Enacting value-based care payment models has been a priority of payer and provider organizations in recent years, but the implementation has been uneven, with care centers serving underprivileged or vulnerable populations being left in the lurch. Helping close the gap is pivotal to reaching the US Centers for Medicare and Medicaid Services (CMS) goal of transitioning to value-based payment models for the majority of Medicaid and Medicare reimbursements.
Value-based care models have been put forward as a solution for rising Medicare costs, paying providers for the value their care provides patients. New laws are further incentivizing adaptation of these payment models. To jump on board successfully, Edifecs published an article earlier this year covering three strategies to help providers take on value-based care models successfully.
Despite new rules in the US requiring providers to collect and report pricing transparency data, just over three quarters of hospitals are lagging behind. If this data can be accurately collected and analyzed, it could help establish fair value-based pricing models that could benefit both patients and providers. In addition, the law targets payer-related data.
The Association of American Medical Colleges (AAMC) released an issue brief that details the impact of Centers for Medicare and Medicaid Innovation (CMMI) value-based care on patient outcomes and healthcare costs. The AAMC notes that although these value-based care payment models have helped patients, better data collection practices are needed to advance health equity.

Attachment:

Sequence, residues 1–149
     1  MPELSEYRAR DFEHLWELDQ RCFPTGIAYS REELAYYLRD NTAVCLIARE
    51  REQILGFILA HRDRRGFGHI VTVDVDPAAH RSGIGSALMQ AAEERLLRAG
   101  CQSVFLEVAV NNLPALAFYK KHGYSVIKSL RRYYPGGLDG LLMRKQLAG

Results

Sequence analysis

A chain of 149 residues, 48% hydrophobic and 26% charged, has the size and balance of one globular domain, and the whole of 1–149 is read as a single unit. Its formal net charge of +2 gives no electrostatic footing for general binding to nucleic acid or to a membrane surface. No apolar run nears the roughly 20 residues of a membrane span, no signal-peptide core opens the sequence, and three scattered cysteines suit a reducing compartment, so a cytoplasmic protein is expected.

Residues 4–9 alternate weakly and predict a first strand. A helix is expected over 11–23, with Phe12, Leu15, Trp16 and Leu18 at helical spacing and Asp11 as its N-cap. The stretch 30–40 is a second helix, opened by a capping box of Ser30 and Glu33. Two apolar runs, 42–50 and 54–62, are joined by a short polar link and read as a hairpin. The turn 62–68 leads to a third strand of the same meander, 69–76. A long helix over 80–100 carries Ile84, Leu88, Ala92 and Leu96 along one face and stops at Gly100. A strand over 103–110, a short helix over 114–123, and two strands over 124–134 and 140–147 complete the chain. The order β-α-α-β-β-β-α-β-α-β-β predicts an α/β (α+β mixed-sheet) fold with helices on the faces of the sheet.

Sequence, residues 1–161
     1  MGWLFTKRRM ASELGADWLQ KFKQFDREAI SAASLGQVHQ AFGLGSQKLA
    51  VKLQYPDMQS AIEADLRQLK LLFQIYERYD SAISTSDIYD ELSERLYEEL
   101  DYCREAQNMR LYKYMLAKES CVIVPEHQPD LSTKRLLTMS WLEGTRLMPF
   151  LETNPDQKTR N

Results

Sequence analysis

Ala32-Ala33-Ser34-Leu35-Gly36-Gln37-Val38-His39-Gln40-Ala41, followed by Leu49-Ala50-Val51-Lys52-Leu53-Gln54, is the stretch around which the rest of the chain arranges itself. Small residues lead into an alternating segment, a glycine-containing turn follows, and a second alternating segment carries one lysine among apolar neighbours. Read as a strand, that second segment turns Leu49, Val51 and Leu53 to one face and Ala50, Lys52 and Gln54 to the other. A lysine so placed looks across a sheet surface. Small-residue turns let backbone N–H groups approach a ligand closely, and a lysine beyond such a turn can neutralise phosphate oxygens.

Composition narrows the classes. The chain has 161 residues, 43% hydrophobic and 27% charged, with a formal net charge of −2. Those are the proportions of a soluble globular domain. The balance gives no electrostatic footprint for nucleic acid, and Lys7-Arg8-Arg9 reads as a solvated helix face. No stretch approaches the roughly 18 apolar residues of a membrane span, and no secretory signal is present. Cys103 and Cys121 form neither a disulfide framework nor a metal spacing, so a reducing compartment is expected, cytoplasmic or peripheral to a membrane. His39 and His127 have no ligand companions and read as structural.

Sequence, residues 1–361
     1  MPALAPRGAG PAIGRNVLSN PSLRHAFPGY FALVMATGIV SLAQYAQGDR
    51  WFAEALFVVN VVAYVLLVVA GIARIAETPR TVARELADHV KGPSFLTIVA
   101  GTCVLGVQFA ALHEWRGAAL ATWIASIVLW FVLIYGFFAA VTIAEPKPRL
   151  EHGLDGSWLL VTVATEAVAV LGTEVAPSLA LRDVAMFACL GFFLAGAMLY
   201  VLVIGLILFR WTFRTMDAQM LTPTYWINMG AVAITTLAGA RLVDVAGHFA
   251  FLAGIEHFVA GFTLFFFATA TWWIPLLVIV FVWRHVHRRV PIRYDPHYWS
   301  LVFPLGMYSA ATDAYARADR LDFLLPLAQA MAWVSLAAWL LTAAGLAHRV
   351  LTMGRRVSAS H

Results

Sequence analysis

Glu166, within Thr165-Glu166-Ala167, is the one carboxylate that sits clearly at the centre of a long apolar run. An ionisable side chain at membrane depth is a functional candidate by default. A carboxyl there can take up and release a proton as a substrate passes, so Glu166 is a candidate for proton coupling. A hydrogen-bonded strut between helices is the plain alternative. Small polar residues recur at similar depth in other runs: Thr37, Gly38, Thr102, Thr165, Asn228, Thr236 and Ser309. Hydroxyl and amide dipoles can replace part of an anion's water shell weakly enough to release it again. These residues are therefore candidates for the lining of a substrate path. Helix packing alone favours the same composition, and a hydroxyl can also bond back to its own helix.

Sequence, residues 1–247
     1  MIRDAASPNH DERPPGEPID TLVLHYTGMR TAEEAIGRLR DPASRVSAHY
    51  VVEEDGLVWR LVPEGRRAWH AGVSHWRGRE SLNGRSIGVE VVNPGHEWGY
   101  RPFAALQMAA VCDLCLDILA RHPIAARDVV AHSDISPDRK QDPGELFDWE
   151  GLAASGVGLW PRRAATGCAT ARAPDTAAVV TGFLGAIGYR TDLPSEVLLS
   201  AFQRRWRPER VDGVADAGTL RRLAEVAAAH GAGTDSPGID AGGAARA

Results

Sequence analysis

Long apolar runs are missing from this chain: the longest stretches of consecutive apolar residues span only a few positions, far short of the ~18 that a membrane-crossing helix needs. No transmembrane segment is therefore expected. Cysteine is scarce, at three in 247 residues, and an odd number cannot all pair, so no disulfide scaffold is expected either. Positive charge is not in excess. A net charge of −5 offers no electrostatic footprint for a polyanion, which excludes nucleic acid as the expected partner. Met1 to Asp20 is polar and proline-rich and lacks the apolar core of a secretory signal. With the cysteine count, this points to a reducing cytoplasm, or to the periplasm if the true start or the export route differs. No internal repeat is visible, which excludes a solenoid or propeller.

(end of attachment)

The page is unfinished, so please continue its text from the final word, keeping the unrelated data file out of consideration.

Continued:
Fragmentation of care delivery systems results in patients falling through gaps in care, imperiling health outcomes and exacerbating health disparities. In a new Stat News article, Chris Dodd of the University of Washington School of Public Health and CMO of Emcara Health talks about how the Sea Mar Community Health Centers created an integrated approach to care that alleviated barriers to access for many patients.
Although value-based care models have become increasingly prevalent in recent years, they have yet to be implemented in several areas of care, including home medical equipment (HME). Speakers at a Medtrade panel session discussed the importance of moving to such models and what that entails for the HME industry.
The COVID-19 pandemic exposed deep disparities in care health outcomes in marginalized groups. One contributor to this problem are widely-used fee-for-service (FFS) payment models. In a new Forbes article, Rita Numerof argues that moving to a patient-centered value-based care model that accounts for social determinants of health (SDoH) is key to helping providers promote health equity through their care decisions.